After much arguments and counter-arguments, the turning point of the debate was when Ven. Gunananda pointed to the verse at Judges 1:19 in the Bible. The verse states : “And the LORD was with Judah, and he drove out the inhabitants of the mountain; but could not drive out the inhabitants of the valley, because they had chariots of iron.”
Gunananda said that this showed clearly that the God could not be omnipotent as claimed, if he could not even overcome iron chariots. Rev. de Silva tried to explain that the reason the God did not overcome the chariots was because Judah did not have enough faith in him. However, Gunananda countered by asking, if Judah did not have enough faith, then why was the God with him in the first place?
Many Sri Lankans believe that evil spirits are afraid of iron. In fact, they commonly hang a piece of iron up on their homes to keep evil spirits at bay. Gunananda’s point thus made sense to the audience because of this.
Although there were more arguments, the debate was effectively over by the first day. The victory for the Buddhists could not have been more resounding and emphatic, with the crowd shouting and cheering for Gunananda and the other monks. The Lion had Roared.
Word of the triumph spread rapidly throughout the island with temples, villages and towns breaking out in open and joyous celebration. Reflecting the open and tolerant nature of the people, the festivities were free from hostility and anger towards the defeated party, even though they were boisterous and happy.
Mohottiwatte Gunananda was born in 1823 in the village of Mohottiwatta to a prosperous Buddhist family. Monks in Sri Lanka, after ordination, commonly affix the name of their village to their own name. Gunananda had been in close contact with a Catholic priest in his youth and received his education in Christian schools. He had at one time, even considered becoming a Christian priest.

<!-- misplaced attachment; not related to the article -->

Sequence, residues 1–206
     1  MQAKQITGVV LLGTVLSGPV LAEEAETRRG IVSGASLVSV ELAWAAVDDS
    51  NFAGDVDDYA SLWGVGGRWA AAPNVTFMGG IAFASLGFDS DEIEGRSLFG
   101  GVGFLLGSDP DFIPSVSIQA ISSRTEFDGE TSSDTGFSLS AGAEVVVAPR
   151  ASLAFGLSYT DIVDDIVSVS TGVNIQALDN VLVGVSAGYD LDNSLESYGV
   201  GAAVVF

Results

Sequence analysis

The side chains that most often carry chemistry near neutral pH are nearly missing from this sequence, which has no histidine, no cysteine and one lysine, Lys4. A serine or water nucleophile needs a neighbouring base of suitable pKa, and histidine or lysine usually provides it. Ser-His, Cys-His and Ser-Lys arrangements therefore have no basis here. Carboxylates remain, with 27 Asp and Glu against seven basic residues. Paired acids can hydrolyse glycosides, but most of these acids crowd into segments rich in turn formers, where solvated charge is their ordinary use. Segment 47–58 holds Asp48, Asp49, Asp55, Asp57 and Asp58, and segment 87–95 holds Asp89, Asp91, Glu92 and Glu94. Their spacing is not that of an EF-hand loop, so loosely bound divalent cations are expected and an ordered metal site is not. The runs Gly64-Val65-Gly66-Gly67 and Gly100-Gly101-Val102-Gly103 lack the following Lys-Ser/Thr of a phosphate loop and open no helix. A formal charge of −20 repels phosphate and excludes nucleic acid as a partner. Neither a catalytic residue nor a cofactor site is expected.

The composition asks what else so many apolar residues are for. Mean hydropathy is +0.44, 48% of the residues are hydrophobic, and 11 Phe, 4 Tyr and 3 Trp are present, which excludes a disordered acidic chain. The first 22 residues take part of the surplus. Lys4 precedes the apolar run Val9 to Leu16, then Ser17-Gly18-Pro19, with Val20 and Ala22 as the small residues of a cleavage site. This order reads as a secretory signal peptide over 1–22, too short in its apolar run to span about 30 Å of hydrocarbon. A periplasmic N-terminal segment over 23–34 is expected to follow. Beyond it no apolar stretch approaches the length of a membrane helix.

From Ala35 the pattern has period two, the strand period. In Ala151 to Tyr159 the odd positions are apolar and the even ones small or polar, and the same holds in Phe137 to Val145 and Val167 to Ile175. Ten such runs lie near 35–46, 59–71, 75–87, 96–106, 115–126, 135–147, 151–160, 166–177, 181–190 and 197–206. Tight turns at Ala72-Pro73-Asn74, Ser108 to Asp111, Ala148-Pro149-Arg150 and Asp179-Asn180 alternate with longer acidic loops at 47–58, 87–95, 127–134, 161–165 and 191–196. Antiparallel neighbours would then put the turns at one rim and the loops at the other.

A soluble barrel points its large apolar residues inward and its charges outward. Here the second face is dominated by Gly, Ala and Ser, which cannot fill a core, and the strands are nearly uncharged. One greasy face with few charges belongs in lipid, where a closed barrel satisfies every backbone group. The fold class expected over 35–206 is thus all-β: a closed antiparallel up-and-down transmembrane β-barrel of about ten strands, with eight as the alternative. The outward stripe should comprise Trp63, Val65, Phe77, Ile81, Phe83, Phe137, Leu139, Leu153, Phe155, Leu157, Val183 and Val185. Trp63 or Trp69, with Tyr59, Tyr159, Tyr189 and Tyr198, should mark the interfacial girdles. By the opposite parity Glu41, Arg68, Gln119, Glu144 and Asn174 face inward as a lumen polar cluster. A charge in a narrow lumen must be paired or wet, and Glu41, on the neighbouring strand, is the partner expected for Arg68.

However, he changed his mind after associating with some monks from his village and ordained at the age of 20, becoming a member of the Amarapura fraternity. His oratorical skills soon became apparent and he started to also acquire great proficiency in the Buddhist teachings.
After learning that Buddhists in Colombo were being subject to pressure from the missionaries and discrimination by the government, he moved there and began defending Buddhism with his publications and speeches. In 1862, he formed the ‘Society for the Propagation of Buddhism’ to organize resistance against the missionaries’ attacks, and to publish tracts and pamphlets to counter the anti-Buddhist materials distributed by the Christians.
Gunananda then led the Buddhists in the momentous series of debates with the Christians, which culminated in the famous Panadura Debate of 1873. His outstanding performance and convincing victory sparked off the island-wide revival of Buddhism, and he was hailed a national hero.
Before his death at the age of 67 in 1890, Gunananda continued his efforts in helping to revitalize the Sasana. He published many works and also served on the committee that designed the Buddhist flag.(11)
The Christian and Muslim need to be challenged not with violence, but with intellect, and if they don’t like a discussion of what it is exactly that their religion does teach according to their own scripture, well then, that should be considered just too bad. An open and honest discussion should be allowed, not the violence of a riot. However, in today’s time if this is done I’m sure that some will want to have someone else put in jail for some sort of crime entailing the charge of spreading religious hatred. Section 2(1)(h) of the Prevention of Terrorism Act (PTA) that prohibits speech which ‘causes or intends to cause commission of acts of violence or religious, racial or communal disharmony or feelings of ill-will or hostility between different communities or racial or religious groups’ (12) is what has been used in the past to the advantage of Buddhists.
It is exactly this that inhibits the free dissemination of one’s point of view and then can lead to the onslaught of violence, once many figure that there is no other way of addressing the matter without someone looking to put you in jail for it. This is just another reason why when we seek to legally gag free speech in the name of tolerance, we end up promoting intolerance for another point of view. If someone is concerned about any possible disorderly conduct or the like while exercising a promotion of their point of view, then certainly there are laws on the books to help prevent that sort of thing that are available to be enforced. If any society or religious group were really looking to encourage tolerance then we should be able to tolerate the point of view of someone else, instead of promoting intolerance … in the name of tolerance.
I wish everyone a totally peaceful day!
Bhikkhu aggacitto a.k.a. Brother Mark:)